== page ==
Aligning Process with Strategy

Business success requires a close alignment between a firm’s strategy and the processes it uses in its day-to-day work. Connecting operations and strategy generally leads to improved profitability and increased market share. A deep understanding of the challenges an operational process can face, how to evaluate the cost to the organization of those challenges, and therefore how to select the best available options for addressing challenges, is necessary when your expanding responsibilities include operations functions. You need to know how to respond when supply doesn't match demand, when there is a shortage of labor or materials, or when faced with a new competitor.

To ensure the success of strategic initiatives and avoid the costs of an inefficient operation, you'll need to understand and manage key operational implications of your decisions, such as:

  • What are the operations scale, source, and scope alignments you need so that your firm’s strategic plan and your operations processes work synergistically?
  • How do you adjust operational choices as your firm’s strategy evolves?
  • How can you prepare to support changes in strategy?
  • What data is necessary to identify improvements for existing processes and to evaluate new strategic opportunities?
  • How can managers in non-operations roles evaluate and manage the implications of their new strategies on the operations function?

In Leading Business Strategy through Operational Excellence, Duke MBA faculty will share findings from their research to demonstrate how to plan and control business  processes, the processes required to make and deliver the goods and/or services they offer, how to use and manage the data needed to evaluate these processes, what you can learn from experienced operations professionals, and how to use graphics to represent these processes.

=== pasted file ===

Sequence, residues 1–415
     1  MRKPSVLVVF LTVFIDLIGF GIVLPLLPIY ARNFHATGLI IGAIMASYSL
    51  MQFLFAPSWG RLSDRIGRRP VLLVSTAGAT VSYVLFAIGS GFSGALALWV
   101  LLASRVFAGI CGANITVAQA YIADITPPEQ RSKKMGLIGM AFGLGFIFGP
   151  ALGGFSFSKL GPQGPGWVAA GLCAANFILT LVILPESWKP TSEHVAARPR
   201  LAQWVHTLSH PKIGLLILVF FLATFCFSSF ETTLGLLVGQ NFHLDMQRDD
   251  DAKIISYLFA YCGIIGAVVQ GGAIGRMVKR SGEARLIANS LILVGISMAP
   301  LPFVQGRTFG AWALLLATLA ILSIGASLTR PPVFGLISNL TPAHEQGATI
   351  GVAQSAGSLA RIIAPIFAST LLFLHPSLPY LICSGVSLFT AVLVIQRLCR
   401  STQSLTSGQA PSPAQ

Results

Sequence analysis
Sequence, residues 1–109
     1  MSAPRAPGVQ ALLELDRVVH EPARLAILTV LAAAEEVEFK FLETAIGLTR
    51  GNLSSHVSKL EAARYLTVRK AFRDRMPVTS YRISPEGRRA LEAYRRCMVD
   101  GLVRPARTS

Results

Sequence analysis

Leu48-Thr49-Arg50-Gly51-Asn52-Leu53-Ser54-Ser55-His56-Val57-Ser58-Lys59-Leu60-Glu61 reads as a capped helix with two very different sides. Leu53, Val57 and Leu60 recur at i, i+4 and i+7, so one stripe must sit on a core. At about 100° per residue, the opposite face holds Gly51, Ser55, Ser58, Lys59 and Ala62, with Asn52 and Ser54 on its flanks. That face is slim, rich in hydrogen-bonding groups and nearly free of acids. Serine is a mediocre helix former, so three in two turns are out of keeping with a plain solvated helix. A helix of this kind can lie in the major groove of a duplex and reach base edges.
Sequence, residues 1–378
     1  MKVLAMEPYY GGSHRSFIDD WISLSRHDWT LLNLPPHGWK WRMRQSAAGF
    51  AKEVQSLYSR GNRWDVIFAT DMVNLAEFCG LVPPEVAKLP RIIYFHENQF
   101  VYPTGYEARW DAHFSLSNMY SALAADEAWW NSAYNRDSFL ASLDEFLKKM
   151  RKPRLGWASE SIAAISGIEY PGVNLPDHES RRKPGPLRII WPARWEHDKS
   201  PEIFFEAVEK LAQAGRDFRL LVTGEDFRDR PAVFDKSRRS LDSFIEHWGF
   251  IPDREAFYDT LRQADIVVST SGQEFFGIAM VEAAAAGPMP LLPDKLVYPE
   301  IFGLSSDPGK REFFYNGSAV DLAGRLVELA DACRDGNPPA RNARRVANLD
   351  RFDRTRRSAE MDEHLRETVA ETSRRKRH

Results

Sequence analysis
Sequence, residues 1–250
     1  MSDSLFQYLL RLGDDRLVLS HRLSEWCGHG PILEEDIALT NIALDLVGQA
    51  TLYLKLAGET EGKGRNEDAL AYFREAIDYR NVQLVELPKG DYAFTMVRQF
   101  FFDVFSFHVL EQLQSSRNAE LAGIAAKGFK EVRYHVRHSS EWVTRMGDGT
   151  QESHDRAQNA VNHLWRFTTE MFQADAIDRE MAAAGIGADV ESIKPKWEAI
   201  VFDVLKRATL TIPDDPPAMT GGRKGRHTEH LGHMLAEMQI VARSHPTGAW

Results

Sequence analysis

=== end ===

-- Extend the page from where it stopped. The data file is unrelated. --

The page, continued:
You’ll explore fundamental concepts about performance metrics, system bottlenecks, quality approaches, queuing analysis, and about managing inventory, working capital, and the supply chain. You’ll gain experience with aligning capacity and demand, sourcing materials, managing waste, and assessing the cost of a change in source, as well as determining how wide or narrow the activities of operations can or need to be to achieve the organization's objectives.

Who Should Attend?

  • Executives, and other leaders, who need to connect operational decisions with the overall company strategy and to the bottom line, whether or not they are directly involved with operations.
  • Professionals whose job scope is expanding to include operations decisions, and those who must assess the impact of operations on strategic initiatives.
  • Operations professionals whose increased responsibilities include providing input to their firm’s strategy.
  • Managers in both operations and non-operations roles who anticipate an increase in job scope in the near future: 

o  Strategy/business development executives

o  R & D, innovation, and new product development leaders

o  Senior marketing managers

o  Senior finance and accounting managers

o  Procurement, sourcing, or purchasing leaders

o  Demand and inventory managers

o  Cost manufacturing engineers

More about this program

Leveraging Operations to Achieve Business Goals